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My strategy to surviving long haul covid

My strategy to surviving long haul covid

A Surrey Coalition member has been kind enough to write and share this blog post of her experiences of long-haul covid and her coping tips. Please read below.

Since 8th March I have been home alone, ill and housebound. In my head I planned to finish lots of creative projects when the inevitable lockdown happened – but I hadn’t planned on being home alone – and ill. I’m writing this to share my coping strategies in the hope they may help others, but I will not be sharing lifestyle changes I have made during these last five months because they are specific to my personal symptoms which may be different to others.

Create a supportive network around you

Covid 19 has changed the way whole world interacts but for me it was not just about staying safe (a bit ironic as I was already ill) but I also had to adjust to my significantly reduced energy levels. Maintaining contact with supportive friends, family and neighbours is very important and was made easier by technology. In the early weeks I could only manage short phone calls – with my eyes shut to conserve energy. Whatsapp was great because I could share a photos or text short messages with whole groups of people (less time consuming that individual communication) but my phone memory did get clogged with videos that took energy I didn’t have to delete. After a month or so I moved on to short video calls and then when lockdown began to ease socially distanced garden visits. After five months I up to about one visit a fortnight of just a few hours – it’s great to talk to people face to face for longer than just 5 minutes when they drop off my shopping.

Use your time wisely – pacing

I am lucky I have a GP surgery who believed my long haul covid existed and they treated me as if I had chronic fatigue from week four onwards. They advised me to pace and rest. I am slowly learning about pacing myself and increasing the things I do very gradually. A wise friend told me it’s not just how you are at the time you do an activity but how you feel the next day or even the day after that which tells you if the activity was too much. This approach has helped me in my long-phased return to work. The first day I did one hour, the first week 3 hours in total. I am lucky I have a supportive boss, work for a supportive organisation and that I have a part time role. I am also lucky my work moved on-line due to the pandemic and I can work at home – for now.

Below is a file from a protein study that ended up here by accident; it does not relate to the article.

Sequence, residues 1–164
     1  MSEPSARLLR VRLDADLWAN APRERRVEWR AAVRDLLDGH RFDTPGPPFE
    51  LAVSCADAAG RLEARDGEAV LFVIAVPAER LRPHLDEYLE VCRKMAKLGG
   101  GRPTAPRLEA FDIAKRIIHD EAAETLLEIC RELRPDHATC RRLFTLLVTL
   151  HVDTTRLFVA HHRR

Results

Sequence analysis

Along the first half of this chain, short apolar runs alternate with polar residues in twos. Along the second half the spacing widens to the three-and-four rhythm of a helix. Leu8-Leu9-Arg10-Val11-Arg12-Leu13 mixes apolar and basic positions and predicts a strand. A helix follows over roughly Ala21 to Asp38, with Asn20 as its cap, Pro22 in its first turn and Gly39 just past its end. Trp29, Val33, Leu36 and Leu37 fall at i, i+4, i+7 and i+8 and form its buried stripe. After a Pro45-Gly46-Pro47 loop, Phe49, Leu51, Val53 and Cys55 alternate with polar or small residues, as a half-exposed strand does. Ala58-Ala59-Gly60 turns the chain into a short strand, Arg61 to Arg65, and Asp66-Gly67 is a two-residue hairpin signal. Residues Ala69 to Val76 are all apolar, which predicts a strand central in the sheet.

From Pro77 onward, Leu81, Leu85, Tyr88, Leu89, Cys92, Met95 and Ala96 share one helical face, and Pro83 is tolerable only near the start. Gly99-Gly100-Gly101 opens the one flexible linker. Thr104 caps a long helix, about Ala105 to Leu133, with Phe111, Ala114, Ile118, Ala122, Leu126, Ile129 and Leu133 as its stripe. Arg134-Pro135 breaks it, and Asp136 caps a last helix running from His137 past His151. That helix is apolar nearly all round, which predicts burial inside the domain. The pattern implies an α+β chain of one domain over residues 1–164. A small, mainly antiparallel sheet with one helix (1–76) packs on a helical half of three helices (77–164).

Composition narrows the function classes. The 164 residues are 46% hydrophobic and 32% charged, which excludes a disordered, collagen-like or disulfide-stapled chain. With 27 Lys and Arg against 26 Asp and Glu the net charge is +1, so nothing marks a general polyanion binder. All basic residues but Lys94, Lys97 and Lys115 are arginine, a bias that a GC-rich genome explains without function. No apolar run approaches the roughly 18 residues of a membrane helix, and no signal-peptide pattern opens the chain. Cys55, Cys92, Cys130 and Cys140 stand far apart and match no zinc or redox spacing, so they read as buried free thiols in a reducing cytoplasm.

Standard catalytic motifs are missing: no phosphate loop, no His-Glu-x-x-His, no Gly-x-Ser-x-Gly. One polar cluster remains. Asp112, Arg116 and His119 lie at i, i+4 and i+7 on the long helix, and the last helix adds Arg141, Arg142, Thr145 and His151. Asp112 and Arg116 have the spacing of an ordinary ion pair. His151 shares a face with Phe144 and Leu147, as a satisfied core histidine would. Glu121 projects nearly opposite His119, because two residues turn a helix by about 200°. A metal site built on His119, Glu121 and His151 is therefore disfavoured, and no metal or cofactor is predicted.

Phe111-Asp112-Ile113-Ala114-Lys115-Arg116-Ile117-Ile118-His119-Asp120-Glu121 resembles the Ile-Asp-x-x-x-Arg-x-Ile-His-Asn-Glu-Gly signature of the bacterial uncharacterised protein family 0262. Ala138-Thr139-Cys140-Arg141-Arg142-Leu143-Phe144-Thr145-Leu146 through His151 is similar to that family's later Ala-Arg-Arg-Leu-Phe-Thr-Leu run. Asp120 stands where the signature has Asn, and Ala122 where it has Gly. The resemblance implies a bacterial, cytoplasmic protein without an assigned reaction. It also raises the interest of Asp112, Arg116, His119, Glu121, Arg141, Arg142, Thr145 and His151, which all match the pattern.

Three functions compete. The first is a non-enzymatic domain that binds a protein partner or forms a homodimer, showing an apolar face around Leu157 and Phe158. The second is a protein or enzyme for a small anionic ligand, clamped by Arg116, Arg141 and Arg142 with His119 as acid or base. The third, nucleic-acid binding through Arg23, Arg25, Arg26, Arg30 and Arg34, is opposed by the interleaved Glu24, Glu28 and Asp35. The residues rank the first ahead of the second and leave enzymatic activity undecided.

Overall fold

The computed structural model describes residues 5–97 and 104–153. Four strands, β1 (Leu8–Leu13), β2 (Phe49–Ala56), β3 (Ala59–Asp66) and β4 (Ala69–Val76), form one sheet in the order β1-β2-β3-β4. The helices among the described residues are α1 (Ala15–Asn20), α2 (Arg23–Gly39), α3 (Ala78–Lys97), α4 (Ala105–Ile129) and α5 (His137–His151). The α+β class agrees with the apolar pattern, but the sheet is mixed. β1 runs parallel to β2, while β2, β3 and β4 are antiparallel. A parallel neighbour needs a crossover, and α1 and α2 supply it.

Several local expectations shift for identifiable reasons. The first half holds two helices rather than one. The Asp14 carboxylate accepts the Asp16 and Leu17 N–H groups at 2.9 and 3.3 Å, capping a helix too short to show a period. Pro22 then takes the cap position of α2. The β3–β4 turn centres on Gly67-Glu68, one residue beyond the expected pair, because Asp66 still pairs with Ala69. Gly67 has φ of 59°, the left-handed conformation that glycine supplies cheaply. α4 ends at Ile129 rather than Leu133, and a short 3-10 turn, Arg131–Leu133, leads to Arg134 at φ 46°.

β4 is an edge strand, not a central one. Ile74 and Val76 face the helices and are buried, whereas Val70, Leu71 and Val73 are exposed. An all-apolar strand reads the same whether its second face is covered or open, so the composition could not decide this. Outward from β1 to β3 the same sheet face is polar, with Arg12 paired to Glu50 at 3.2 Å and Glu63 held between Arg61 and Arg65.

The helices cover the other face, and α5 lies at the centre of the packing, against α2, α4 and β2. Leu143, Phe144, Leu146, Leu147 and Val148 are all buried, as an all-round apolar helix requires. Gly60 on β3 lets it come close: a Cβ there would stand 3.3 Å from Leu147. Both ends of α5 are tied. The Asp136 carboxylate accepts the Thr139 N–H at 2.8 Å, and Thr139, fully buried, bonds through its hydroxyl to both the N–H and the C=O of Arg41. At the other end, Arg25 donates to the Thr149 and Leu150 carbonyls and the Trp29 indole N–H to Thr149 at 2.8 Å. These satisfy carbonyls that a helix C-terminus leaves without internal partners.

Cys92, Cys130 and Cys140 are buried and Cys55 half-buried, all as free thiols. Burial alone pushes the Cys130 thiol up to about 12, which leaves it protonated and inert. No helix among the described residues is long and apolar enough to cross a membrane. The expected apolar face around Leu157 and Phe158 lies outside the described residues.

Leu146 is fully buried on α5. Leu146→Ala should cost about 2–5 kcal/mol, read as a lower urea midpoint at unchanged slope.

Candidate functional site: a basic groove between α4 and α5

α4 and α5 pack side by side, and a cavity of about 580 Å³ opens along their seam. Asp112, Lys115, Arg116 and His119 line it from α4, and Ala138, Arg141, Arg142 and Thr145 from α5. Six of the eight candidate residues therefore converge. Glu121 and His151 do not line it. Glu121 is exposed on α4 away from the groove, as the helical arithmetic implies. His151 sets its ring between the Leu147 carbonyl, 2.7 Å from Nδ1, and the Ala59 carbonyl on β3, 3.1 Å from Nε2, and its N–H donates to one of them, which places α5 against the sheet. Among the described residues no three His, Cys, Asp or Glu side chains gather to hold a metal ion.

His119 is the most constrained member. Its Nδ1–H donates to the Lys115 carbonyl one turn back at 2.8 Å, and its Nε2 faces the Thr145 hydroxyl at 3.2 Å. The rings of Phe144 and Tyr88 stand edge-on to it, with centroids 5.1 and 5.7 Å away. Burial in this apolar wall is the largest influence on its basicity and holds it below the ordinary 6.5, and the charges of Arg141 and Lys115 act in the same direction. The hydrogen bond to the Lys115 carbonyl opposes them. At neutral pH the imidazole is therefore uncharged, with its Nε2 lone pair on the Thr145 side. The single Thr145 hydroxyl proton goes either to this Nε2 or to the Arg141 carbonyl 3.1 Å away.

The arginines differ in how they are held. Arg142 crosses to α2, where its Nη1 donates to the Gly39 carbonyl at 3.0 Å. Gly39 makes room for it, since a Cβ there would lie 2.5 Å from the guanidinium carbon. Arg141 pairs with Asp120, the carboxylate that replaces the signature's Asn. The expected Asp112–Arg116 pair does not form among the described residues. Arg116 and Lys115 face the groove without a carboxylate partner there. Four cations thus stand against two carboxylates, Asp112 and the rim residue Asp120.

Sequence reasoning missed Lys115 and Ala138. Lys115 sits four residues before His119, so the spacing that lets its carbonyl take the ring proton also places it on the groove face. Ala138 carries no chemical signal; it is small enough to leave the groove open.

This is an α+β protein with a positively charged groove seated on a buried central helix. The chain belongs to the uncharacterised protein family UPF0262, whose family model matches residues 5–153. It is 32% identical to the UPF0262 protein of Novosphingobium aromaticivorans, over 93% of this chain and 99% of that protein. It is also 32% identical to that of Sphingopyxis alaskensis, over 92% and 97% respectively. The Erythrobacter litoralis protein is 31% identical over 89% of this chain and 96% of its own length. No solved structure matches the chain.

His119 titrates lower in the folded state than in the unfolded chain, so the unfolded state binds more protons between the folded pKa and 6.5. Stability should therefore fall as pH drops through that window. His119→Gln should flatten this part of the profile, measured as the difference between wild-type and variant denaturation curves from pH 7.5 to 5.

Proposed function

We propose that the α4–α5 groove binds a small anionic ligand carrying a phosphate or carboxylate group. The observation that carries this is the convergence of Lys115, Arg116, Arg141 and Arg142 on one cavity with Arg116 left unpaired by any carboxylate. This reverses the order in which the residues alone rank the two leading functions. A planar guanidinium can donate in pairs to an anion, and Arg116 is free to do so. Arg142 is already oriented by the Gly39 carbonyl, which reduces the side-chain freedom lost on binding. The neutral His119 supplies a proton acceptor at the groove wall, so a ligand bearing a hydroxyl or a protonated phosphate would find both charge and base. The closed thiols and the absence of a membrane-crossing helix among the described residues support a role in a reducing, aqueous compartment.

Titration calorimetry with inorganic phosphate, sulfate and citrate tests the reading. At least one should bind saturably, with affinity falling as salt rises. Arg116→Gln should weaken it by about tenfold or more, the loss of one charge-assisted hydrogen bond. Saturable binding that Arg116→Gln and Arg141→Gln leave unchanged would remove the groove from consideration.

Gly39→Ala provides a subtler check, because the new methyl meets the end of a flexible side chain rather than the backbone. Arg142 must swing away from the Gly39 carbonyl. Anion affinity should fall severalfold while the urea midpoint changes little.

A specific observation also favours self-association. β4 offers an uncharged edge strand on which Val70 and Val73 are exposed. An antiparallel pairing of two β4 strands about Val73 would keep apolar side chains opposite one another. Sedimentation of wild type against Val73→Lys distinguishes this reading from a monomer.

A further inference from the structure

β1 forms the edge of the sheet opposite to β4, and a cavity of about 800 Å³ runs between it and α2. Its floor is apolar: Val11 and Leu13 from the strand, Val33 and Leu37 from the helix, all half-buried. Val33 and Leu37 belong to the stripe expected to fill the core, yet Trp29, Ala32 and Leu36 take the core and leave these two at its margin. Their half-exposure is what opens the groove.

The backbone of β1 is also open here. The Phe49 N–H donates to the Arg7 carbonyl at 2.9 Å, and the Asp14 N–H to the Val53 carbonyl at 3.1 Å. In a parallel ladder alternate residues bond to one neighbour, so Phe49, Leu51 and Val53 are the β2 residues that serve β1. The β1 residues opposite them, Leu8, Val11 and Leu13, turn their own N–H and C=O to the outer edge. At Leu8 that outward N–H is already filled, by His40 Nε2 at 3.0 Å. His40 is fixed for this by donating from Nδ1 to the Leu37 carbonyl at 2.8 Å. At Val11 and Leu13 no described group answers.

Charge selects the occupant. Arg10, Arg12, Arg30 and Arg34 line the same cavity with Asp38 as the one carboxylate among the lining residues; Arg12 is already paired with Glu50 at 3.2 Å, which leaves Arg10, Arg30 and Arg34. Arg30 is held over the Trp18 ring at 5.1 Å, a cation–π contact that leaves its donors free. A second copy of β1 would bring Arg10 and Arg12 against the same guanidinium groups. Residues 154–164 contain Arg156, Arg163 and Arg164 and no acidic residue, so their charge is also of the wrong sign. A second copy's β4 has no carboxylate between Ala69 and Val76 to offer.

Learning from others with the same lived experience – peer support

I was too exhausted to search out others with long haul covid despite knowing peer support had been vital to shaping my Bipolar Self-Management plan. It was only after I’d been ill for over three months and a family member sent me a link to a facebook page that I began to learn from others with ‘long haul covid’. Their advice has surprised me in many positive ways.

  • I have found it to be consistent over time
  • There were lots of little changes I could make to my housebound daily life – cost free to the NHS
  • Advice often originated from health care professionals – you just needed to know which pages of which NHS and health charity websites to look at. While covid 19 is new, post viral conditions are not – although sadly they are often not well understood.
  • How positive the outcomes were – people are improving (although at various speeds) from following their advice.

Devise your own rehab plan – but take care

Through the facebook group I learnt many of the things I was doing just to get through the day with the severe fatigue were hindering my recovery. Initially I wasn’t keen on some suggestions – who wants to take cold showers or cut out cake!  Bit by bit, day by day, I understood more about my ill health from my fellow long haulers and realised I had the power to change my health. I was surprised that even though I was severely fatigued there were changes I could make -being so ill I hadn’t known I had a lifestyle to make changes too! From their tips I have devised my own rehab programme – things to do or not do each day, checking with my GP before implementing changes each step of the way. My weekly plan includes things to eat or drink, ideas of how and when I can rest and appropriate exercises for physical rehab.

Look after your mental health

I know from previous experience that peer support groups can be intense at times so when I joined the long haul covid group – I dipped in and out ensuring there were days at a time when I had a complete time out. I’m lucky – unlike some others with long haul covid poor mental health has not been a symptom of my illness. Ironically getting the virus reduced my anxiety – fear of the unknown had had potential to trigger a hypomanic episode in March. Living with severe fatigue forced me to live in the moment – what do I need to do in my waking moments to eat today. I had no energy to think about the future. As my energy levels increased, I adapted my pre-covid wellbeing strategy of yoga classes and countryside walks to online meditation classes and sitting outside. I also came out of whatsapp groups which became unhelpful reminders of my pre-covid abilities but stayed connected with people that support me. Although I do need to get better at making that phone call when I’m having a tearful moment – at times unsure about how to adapt advice from my peers to my help circumstances and frustrated with the lack of support the NHS has to offer those with long haul covid in my area.

Spend your money wisely